Message Box and Balloon Pop-Up Interception (Windows Embedded Standard 2009)


Windows Embedded Standard allows you to customize how your device responds to error messages, message boxes, service messages, or pop-ups. The following are just a few examples of messages:

  • "Virtual Memory Minimum Too Low" (System message)
  • "Unable to Locate Component " (Error message)
  • "New programs installed" (Pop-up)

There are many scenarios in which you do not want these items displayed, such as headless systems or set-top boxes. Users may not be able to respond to these messages, they may be confused by the messages, or wonder what they did wrong. Or, there may be scenarios in which you do not want users to interact with these messages. Fortunately, you can hide or suppress these messages and pop-ups. You can also create a log to track these windows and messages while still hiding them from users.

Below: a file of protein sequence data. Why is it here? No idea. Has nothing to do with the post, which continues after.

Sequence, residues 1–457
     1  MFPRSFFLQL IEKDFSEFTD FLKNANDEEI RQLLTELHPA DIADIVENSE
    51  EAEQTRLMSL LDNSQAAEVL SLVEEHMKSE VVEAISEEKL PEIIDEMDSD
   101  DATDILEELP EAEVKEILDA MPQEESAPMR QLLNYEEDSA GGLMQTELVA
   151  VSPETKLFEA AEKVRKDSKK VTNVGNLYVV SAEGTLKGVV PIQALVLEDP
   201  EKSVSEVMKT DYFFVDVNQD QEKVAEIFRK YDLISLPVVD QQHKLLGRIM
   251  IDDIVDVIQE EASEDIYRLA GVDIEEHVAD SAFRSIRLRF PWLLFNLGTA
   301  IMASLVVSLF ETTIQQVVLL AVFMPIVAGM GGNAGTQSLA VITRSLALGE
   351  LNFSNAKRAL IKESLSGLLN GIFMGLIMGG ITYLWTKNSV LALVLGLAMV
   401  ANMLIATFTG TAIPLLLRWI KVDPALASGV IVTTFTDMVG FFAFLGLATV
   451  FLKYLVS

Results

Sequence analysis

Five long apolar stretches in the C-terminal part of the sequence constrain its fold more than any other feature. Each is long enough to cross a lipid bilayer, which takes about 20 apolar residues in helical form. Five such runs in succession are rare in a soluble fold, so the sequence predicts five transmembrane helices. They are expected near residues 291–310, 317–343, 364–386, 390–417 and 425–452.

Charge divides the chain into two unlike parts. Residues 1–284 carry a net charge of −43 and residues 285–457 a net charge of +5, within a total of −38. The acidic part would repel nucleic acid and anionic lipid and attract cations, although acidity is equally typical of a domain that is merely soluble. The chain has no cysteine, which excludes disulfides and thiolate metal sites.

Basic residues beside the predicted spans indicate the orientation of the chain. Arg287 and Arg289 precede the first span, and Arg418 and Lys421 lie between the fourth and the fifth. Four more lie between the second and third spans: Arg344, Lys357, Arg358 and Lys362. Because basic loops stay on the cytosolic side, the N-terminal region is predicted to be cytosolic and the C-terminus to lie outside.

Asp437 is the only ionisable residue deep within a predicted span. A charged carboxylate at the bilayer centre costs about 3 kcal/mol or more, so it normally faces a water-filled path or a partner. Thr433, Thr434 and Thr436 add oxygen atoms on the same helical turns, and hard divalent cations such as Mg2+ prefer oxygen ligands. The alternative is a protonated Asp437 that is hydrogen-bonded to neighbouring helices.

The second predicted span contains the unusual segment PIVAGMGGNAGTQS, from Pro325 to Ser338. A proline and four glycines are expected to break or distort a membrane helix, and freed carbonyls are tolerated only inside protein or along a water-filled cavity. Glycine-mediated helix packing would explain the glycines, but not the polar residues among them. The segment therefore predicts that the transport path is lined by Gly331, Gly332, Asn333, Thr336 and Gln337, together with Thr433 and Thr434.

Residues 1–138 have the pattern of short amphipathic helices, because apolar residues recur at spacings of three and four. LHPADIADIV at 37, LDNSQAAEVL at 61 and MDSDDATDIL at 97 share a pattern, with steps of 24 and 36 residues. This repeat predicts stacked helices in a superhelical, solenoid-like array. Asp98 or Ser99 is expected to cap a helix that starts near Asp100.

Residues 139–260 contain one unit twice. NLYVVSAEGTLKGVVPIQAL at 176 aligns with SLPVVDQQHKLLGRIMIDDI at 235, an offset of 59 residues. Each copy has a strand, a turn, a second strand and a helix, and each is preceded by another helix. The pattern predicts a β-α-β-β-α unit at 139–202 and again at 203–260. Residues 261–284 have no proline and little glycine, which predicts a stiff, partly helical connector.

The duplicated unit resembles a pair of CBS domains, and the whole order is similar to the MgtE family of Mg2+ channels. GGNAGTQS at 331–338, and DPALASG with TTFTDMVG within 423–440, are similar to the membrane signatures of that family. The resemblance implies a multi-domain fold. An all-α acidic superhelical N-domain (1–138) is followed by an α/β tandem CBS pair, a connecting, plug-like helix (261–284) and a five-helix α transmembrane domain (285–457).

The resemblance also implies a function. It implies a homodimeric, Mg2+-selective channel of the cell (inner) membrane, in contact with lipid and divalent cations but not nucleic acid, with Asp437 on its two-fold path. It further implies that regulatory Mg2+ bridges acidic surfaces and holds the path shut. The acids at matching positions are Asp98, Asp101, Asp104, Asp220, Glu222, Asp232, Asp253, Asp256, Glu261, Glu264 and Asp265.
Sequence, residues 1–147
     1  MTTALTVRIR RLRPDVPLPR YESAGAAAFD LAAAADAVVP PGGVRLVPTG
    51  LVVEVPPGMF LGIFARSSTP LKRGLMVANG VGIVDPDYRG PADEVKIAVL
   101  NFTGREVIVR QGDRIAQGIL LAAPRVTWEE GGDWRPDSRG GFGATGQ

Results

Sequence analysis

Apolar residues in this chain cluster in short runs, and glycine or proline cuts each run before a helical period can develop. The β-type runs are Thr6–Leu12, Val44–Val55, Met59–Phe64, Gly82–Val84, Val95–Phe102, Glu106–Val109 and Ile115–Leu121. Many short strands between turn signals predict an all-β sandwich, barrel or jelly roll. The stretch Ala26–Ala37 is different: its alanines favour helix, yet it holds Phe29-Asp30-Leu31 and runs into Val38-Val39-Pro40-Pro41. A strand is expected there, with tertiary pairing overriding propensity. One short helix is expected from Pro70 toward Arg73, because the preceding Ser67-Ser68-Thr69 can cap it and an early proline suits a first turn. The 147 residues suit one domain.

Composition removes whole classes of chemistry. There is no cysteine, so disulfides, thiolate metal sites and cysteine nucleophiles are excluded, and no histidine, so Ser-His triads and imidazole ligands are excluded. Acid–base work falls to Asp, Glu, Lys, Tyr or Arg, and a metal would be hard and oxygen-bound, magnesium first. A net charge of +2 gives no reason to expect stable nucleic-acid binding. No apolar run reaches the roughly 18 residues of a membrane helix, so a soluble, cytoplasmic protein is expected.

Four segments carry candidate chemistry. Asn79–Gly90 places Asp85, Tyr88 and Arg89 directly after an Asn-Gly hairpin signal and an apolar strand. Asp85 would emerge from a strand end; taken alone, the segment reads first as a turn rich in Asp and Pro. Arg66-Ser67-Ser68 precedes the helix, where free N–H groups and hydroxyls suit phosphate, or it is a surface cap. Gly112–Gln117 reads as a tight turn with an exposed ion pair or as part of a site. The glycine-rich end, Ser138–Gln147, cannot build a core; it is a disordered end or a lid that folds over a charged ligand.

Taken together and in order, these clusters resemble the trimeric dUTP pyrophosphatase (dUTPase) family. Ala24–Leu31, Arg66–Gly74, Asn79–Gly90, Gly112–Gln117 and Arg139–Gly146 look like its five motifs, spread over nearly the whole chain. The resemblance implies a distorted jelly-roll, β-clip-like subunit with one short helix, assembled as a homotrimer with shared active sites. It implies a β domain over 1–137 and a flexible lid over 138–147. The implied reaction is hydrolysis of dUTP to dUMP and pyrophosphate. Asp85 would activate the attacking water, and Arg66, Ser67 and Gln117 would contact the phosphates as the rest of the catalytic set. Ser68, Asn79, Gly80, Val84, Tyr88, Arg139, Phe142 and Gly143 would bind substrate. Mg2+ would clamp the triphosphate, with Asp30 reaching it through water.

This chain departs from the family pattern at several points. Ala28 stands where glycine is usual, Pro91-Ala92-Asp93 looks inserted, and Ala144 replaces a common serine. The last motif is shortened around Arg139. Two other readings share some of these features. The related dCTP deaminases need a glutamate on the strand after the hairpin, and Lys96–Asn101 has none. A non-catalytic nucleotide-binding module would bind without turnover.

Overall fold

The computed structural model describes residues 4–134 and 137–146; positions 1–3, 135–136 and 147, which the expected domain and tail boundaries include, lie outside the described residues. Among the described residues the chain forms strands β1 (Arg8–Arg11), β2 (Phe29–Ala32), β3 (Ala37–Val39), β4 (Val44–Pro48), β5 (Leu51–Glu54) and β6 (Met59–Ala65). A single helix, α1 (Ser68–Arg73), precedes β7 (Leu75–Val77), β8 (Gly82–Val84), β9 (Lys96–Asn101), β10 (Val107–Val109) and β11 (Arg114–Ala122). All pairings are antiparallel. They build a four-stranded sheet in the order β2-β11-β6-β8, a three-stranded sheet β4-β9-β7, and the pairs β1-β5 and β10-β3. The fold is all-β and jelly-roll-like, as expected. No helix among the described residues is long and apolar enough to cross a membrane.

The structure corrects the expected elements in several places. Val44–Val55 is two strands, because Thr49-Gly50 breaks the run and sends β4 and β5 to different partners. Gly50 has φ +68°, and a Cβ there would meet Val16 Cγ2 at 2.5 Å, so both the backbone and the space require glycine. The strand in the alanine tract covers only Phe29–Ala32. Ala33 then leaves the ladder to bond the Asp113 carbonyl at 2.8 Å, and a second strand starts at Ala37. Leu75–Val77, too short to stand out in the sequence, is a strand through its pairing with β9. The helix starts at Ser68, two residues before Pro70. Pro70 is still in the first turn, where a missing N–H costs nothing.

For information about Win32 Hooks and how message events occur within Win32 APIs, see this Microsoft Web site.

In This Section

  • Enabling Default Reply
    Describes both how to use EnableDefaultReply, a registry value that responds to a MessageBox function call with the default reply, and how to instruct the system to log the contents of the message box to the event log.
  • Creating a Win32 Service
    Describes how to create a Win32 service using Win32 APIs that periodically scans the desktop for displayed windows.
  • Suppressing Balloon Pop-Ups
    Describes how to prevent balloon pop-ups appearing in your run-time image by changing component settings or by modifying the EnableBalloonTips registry value.
  • Filtering Out ErrorMode Messages
    Describes how to hide some or all ErrorMode messages. This does not intercept the message box and choose the default button, it merely hides the message.
  • Shell Customization
    Describes how to customize the shells included with Windows Embedded Standard, how to create custom shells, and how to define the way system messages, balloon pop-ups, and Plug and Play are handled on your run-time image.